Is quality by design (QbD) in pharma only for gifted scientists?
These days in pharma development circles, hardly a day goes by without mention of quality by design (QbD). Who is doing it properly? Is it too expensive? What is the business case? Can small companies afford it? How do we get executive management interested?
You could be forgiven for believing QbD is some kind of complex hybrid mix of rocket science and nuclear fusion, territory reserved for the scientifically gifted only. This is not the case of course, and in this article I hope to convince you so, especially if you are one of the scientific cognoscenti wrestling with the issues and opportunities of QbD.
What did the regulators Intend?
Many will be familiar with the famous Modernization words of Dr Janet Woodcock, Director CDER at FDA , now seemly lost in the mists of time, pleading for:
“A maximally efficient, agile, flexible pharmaceutical manufacturing sector without
extensive regulatory oversight.”
Nearly 20 years on, who would argue we are even close to that goal? Certainly no-one I talk to. The reason to me is clear—the industry has totally missed the intention behind the words—to make your products in the same way as those companies demonstrating outstanding outputs from their production systems. Yes, production systems; and this is where we are stuck.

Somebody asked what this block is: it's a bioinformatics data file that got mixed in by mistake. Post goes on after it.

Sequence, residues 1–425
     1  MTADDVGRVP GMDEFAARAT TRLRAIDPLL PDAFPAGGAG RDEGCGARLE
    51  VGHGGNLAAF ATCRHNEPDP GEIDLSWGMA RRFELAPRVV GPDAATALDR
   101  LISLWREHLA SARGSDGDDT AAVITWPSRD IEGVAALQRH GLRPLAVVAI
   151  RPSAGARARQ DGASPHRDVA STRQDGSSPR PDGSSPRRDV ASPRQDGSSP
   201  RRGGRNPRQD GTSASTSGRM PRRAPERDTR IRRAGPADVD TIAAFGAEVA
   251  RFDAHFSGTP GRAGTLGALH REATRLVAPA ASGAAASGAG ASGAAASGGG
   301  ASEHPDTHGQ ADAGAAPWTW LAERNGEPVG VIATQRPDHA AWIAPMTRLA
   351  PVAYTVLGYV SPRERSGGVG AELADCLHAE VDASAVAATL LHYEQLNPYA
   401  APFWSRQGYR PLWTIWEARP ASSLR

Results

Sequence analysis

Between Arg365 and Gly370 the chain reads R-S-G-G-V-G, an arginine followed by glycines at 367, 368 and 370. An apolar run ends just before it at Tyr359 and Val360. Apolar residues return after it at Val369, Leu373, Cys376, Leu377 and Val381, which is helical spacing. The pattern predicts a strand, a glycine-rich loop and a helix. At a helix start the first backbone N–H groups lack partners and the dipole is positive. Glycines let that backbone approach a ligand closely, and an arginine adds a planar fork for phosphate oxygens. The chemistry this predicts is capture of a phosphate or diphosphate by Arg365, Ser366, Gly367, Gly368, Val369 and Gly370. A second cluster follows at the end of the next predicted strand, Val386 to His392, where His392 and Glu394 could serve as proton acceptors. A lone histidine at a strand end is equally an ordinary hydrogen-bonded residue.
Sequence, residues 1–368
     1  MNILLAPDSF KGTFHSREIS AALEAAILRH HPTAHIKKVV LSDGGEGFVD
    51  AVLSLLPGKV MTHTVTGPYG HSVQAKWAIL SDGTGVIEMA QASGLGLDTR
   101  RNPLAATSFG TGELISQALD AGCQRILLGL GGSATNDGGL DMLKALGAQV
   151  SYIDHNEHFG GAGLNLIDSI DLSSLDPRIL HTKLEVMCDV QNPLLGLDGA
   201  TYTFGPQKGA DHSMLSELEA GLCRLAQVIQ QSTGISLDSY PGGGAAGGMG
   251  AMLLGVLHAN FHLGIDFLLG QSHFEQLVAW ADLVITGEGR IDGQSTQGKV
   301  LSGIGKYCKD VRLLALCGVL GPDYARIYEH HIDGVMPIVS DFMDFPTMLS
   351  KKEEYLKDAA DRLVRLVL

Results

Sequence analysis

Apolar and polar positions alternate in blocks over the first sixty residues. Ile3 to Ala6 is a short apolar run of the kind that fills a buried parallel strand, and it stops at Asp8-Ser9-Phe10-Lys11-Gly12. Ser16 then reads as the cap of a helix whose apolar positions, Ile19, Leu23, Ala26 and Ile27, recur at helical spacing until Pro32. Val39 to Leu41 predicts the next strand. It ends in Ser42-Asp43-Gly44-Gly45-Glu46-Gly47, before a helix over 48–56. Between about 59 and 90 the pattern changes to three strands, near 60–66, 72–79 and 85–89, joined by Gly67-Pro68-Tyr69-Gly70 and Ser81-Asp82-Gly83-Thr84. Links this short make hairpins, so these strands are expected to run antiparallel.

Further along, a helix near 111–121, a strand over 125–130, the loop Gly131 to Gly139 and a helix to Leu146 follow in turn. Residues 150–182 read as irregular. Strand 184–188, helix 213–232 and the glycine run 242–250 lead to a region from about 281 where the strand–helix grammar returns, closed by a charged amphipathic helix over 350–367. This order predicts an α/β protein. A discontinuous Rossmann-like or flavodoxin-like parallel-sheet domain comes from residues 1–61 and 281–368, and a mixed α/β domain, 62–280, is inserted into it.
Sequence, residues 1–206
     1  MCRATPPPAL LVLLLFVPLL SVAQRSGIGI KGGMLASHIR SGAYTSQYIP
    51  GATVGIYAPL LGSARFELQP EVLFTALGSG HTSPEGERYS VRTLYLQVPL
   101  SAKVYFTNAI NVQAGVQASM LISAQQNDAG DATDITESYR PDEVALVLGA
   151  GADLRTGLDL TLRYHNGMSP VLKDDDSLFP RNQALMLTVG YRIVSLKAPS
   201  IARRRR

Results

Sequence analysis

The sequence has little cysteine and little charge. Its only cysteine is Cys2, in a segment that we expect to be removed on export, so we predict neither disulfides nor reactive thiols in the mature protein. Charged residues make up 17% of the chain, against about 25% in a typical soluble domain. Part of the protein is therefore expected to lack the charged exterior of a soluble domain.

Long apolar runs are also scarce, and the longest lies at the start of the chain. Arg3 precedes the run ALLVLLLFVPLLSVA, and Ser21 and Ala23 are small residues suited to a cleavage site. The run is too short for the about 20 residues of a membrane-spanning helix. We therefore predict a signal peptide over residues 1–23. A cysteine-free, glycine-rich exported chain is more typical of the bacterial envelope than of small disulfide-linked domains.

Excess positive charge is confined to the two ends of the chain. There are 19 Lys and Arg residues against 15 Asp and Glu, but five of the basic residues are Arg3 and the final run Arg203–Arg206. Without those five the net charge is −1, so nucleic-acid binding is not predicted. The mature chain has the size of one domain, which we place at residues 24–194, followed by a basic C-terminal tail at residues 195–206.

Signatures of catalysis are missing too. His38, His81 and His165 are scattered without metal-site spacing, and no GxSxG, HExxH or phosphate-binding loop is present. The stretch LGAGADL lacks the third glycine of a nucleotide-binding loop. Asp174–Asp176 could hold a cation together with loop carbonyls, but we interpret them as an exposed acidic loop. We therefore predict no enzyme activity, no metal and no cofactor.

Science doesn’t understand the notion of making products for customer markets. It is, of course, a vitally important part of the mix, but it is not the cake itself . . . the production system makes the cake and delivers it to customers. So if you are wrapped up in design space, process validation, process analytical technology, design of experiments, etc, spare a thought for the rest of it. The regulators intended it that way.
Importance of the production system (PS)